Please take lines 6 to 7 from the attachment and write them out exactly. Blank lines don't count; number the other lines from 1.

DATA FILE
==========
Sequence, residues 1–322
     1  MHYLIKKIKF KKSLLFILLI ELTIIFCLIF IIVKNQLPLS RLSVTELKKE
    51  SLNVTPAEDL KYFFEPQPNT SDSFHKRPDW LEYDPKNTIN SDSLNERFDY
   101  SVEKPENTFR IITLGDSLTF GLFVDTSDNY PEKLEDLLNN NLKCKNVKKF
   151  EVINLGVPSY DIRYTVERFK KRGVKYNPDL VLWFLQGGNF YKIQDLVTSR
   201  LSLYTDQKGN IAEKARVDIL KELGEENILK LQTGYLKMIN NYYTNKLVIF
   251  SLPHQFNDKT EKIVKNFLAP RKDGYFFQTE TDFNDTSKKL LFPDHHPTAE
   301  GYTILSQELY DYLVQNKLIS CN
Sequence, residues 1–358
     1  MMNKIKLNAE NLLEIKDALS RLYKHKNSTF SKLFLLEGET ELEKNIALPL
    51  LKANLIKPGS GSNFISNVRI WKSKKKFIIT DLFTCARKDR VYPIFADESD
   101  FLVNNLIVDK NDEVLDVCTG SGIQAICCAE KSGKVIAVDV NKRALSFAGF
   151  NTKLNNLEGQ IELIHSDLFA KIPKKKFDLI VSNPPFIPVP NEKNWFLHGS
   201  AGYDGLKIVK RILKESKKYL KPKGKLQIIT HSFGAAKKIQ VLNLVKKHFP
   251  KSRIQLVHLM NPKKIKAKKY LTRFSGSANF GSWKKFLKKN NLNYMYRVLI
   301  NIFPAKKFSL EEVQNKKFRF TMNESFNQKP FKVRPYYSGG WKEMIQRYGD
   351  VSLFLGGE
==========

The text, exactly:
   201  LSLYTDQKGN IAEKARVDIL KELGEENILK LQTGYLKMIN NYYTNKLVIF
   251  SLPHQFNDKT EKIVKNFLAP RKDGYFFQTE TDFNDTSKKL LFPDHHPTAE